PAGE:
Editor’s Note: This week Steve Stanchfield is on the road – off to explore several film collections away from his Ann Arbor home base. Filling in today is our resident “hunter of the obscure”, Charles Brubaker, with what I hope is the first of another series of continuing posts from him – on Unsold Animated Pilots. As you’ll see, this is a rich vein to mine as some very talented artists were involved in the creation of these cartoons – most of which have been swept under the rug, never to be seen again. Right or wrong, I think these deserve a second look. – Jerry Beck
It is said that, for every 100 show ideas pitched to a network, one gets greenlit for a pilot. And from that, even fewer actually gets turned into a series.
I don’t know the exact statistics, but bottom line is that it’s difficult to go from a pitch to an actual series. And it’s been going on since the dawn of television animation. I figure I’d share some of the classic animation pilots that never got picked up.
Gene Hattree (1964)
Produced by Total Television
Voices: Jackson Beck, Herb Duncan, Sandy Becker
Total Television had managed to gain success with their shows, most notably Underdog and Tennessee Tuxedo. But there were several ideas they pitched that never went anywhere, one of them being Gene Hattree, a horse sheriff (voiced by Sandy Becker) with a terrible singing skills. His deputy is Rabbit Foot (voiced by Herb Duncan), who wants to prove that he can catch crooks (Jackson Beck is the leader, “Tortilla Fats”), only to fail at each attempts.
The pilot was later included in a syndicated Underdog package in the 1970s, so it did eventually get airtime in some stations.
Terr’ble Tessie (1966)
Created and Directed by Gene Deitch
Voices: Gene Deitch, Allen Swift
The internet exploded when Marvel announced that they are going to update Thor by making a female version. Nearly 50 years before that Gene Deitch did the same thing to his comic strip character Terr’ble Thompson, whose adventures ran in a handful of newspapers in 1955 to 1956. When Deitch got hired at Terrytoons, he took his old comic strip concept, added a dog, and rechristened it as Tom Terrific.
Several years later Deitch was now in Prague and under contract with William Snyder. Under Snyder’s Rembrandt Films company, Deitch created several pilots for possible series, one of which was Terr’ble Tessie. Deitch took his Thompson character and made him a girl, a heroine of history who travels back in time to help historical figures. Deitch even gave sex-change operation to Thompson’s arch-nemesis, Mean Morgan, here in the pilot as Mean Matilda.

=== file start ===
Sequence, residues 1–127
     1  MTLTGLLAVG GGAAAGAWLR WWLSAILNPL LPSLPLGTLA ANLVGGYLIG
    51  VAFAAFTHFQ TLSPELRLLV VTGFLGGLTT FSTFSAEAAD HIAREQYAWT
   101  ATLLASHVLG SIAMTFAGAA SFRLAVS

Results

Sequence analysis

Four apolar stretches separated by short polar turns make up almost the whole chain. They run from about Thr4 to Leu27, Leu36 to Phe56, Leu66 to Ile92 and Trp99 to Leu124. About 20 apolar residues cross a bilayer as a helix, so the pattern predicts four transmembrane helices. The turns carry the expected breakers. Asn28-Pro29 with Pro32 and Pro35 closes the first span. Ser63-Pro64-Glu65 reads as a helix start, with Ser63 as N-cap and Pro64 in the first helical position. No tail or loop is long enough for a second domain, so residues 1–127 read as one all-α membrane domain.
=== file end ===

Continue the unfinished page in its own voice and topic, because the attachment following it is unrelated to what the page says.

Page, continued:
Whatever’s the case, the concept didn’t sell. All we have is this pilot, which is a reworking of the Christopher Columbus storyline from the newspaper strip. Deitch himself voiced Tessie, while Allen Swift fills in for Columbus.
Brutus and Brownie (1966)
Produced and Directed by Ed Graham Jr.
Voices: Ed Graham Jr., Carl Reiner
Ed Graham Productions was in business making commercials, many of which feature cereal mascots from Post, including Linus the Lionhearted, Sugar Bear, So Hi, Lovable Truly, and Rory Raccoon. The company would eventually produce two seasons worth of show featuring these characters for Saturday Morning, expanding their business, even if it was just for this one show.
Even after The Linus the Lionhearted Show went off the air, that didn’t stop Ed Graham Jr. from developing new ideas for a possible show. One of them were two funny animal dogs, Brutus and Brownie. In the pilot, the two debate on whether cartoon violence is funny or not, with Brutus (voiced by Carl Reiner) inflicting numerous painful slapsticks on his friend Brownie (Ed Graham Jr.).
The pilot, entitled “Funny is Funny”, didn’t sell, but it was given a theatrical release in 1966 by Universal International, when they were still releasing Walter Lantz cartoon. The video below is from a faded copy, although Technicolor prints exist.
Peter Bagge’s Hate (1996)
Created by Peter Bagge
Directed by Steve Loter
Voices: Christopher Faville, Phil Lenkowski, Aaron Smith
Peter Bagge has a fun drawing style, apparently influenced by classic animation, including those of Bob Clampett. His comics are always a pleasure to read, especially “Hate” starring Buddy Bradley. His fun style seems well suited for animation.
And some studios felt that way, too, as it turned out. Producer Marge Dean had a four minute pilot made based on Bagge’s Hate comics, produced by Rough Draft (with a “thanks to DiC” of all the places) in Los Angeles; this was shortly after MTV’s attempt at doing a Hate pilot in New York. From what we see here, however, the pilot is a disappointment, especially in terms of voice acting. It’s telling that none of the actors did much of anything else after this cartoon was made.
The pilot didn’t sell, and the Bradleys remained a comic exclusive. Probably for the best.